Life circumstances, including not having a partner, can prevent women from having children during their most fertile years.
To avoid age-related infertility women who plan to have children at an age when their fertility is likely to have declined can freeze their eggs when they are younger and use them in an assisted reproductive technology (ART) procedure when the time to have children is right for them. This is often called ‘social’ egg freezing to distinguish it from medical egg freezing which is mostly done for women before they have cancer treatment that can threaten their future fertility.
While egg freezing is becoming more common, not much is known about what happens to women after they freeze their eggs for non-medical reasons. But a recent survey of 96 women in Australia who had stored their eggs asked why they decided to freeze eggs and what happened afterwards.
The average age of the women at the time of freezing eggs was 37.1 years and the average number of eggs stored was 14.2. The most common reasons for freezing eggs were not having a partner with whom to have children; having a partner who was unwilling to be a father; wanting time to prepare financially, emotionally, and socially for single parenthood; investing in the future; and using egg freezing as an insurance against not finding a partner while still able to have children.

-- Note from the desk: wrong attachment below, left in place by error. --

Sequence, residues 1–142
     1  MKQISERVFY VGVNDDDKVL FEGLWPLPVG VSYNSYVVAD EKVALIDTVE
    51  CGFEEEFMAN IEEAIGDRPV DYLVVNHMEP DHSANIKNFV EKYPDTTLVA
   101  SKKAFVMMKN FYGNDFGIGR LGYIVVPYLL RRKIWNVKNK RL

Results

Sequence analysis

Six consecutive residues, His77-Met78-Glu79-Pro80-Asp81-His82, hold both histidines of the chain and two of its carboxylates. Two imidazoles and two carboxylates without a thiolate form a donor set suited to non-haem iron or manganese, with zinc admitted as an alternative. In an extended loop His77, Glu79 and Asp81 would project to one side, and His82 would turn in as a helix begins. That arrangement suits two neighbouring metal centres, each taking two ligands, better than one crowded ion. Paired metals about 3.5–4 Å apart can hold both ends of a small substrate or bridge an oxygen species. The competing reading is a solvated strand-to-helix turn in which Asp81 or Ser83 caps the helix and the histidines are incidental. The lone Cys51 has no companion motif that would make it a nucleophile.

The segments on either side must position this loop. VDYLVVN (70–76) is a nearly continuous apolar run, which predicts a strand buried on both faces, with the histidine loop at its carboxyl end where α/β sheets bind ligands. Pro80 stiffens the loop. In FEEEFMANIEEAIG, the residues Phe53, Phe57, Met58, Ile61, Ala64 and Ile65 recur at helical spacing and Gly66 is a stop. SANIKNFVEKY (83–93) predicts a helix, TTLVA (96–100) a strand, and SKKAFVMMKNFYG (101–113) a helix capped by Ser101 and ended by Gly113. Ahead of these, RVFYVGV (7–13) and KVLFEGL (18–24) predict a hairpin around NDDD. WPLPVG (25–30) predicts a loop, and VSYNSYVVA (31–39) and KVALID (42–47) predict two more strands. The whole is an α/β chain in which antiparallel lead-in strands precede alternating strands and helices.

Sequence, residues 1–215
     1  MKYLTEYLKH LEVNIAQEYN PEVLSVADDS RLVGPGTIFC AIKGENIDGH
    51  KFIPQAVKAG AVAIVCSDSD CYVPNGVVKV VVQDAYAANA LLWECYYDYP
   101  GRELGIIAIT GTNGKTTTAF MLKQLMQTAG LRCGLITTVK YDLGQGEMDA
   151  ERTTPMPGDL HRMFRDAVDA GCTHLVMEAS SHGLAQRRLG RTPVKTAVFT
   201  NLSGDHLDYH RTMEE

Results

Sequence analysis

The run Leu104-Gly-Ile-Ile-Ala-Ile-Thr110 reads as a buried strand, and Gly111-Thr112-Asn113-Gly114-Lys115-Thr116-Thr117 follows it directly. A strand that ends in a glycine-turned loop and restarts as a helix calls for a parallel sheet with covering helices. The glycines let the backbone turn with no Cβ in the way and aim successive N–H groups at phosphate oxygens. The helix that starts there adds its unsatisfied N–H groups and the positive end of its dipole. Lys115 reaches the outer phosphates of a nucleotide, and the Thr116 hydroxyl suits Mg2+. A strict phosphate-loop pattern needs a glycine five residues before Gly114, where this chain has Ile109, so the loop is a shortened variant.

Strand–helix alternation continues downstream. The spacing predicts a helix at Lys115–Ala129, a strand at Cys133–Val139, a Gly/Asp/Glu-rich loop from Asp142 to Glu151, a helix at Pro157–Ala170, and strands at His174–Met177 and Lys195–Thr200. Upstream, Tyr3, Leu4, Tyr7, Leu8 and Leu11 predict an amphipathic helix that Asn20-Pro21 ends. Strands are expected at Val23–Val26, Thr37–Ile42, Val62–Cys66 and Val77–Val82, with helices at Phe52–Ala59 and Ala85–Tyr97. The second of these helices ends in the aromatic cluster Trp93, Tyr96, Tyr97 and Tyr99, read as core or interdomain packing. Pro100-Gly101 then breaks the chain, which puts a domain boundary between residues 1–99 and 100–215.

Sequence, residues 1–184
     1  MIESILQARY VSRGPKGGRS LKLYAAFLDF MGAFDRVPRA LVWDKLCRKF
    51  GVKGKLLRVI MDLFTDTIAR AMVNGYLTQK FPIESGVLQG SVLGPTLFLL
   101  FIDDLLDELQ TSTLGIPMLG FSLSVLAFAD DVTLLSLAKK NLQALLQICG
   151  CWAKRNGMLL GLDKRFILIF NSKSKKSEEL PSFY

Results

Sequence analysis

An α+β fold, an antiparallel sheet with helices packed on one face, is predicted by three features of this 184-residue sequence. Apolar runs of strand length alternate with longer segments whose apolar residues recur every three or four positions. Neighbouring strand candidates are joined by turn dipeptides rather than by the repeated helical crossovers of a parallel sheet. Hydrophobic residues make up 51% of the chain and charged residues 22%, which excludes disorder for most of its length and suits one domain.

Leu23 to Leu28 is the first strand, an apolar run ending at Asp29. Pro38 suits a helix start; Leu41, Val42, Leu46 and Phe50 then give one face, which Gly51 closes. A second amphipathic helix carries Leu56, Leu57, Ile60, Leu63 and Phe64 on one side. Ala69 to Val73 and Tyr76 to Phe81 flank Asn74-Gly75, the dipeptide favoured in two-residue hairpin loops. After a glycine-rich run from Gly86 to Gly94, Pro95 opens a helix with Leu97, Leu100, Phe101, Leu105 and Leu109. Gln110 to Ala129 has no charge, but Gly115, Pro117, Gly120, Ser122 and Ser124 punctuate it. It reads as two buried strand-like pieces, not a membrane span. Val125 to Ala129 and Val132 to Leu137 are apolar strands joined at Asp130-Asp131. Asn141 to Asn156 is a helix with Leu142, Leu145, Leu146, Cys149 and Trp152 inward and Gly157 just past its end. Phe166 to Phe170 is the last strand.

At the time of completing the survey only six women had returned to use their eggs and three of them had had a baby as a result. Another 12 women had conceived naturally and six had conceived after an ART procedure using ‘fresh’ eggs. The main reasons for not using the stored eggs were not wanting to be a single parent, preferring to conceive naturally, and not wanting to use a sperm donor which indicates that women were still hoping to find a male partner willing to commit to parenthood.
The take-home messages are that:
- it’s the lack of a partner rather than wanting to delay childbearing as a result of personal life choices is the main reason for freezing eggs
- most pregnancies that occur after egg freezing are from natural conception
- while only very few women had used their eggs, it is possible that many more will use their eggs in the years to come
- some women who had not yet used their frozen eggs did want to be a single parent and were still hoping to find a male partner to share parenthood with
- women who, for whatever reason, don’t end up using their eggs have to decide whether to give them to another woman or discard them. Such a decision can be difficult, particularly for women who still want children but who are unable to through their circumstances.
Pritchard, N., et al., Characteristics and circumstances of women in Australia who cryopreserved their oocytes for non-medical indications. Journal of Reproductive and Infant Psychology, 2017. 35(2): p. 108-118.
Hammarberg, K., et al., Reproductive experiences of women who cryopreserved oocytes for non-medical reasons. Human Reproduction, 2017. 32(3): p. 575-581.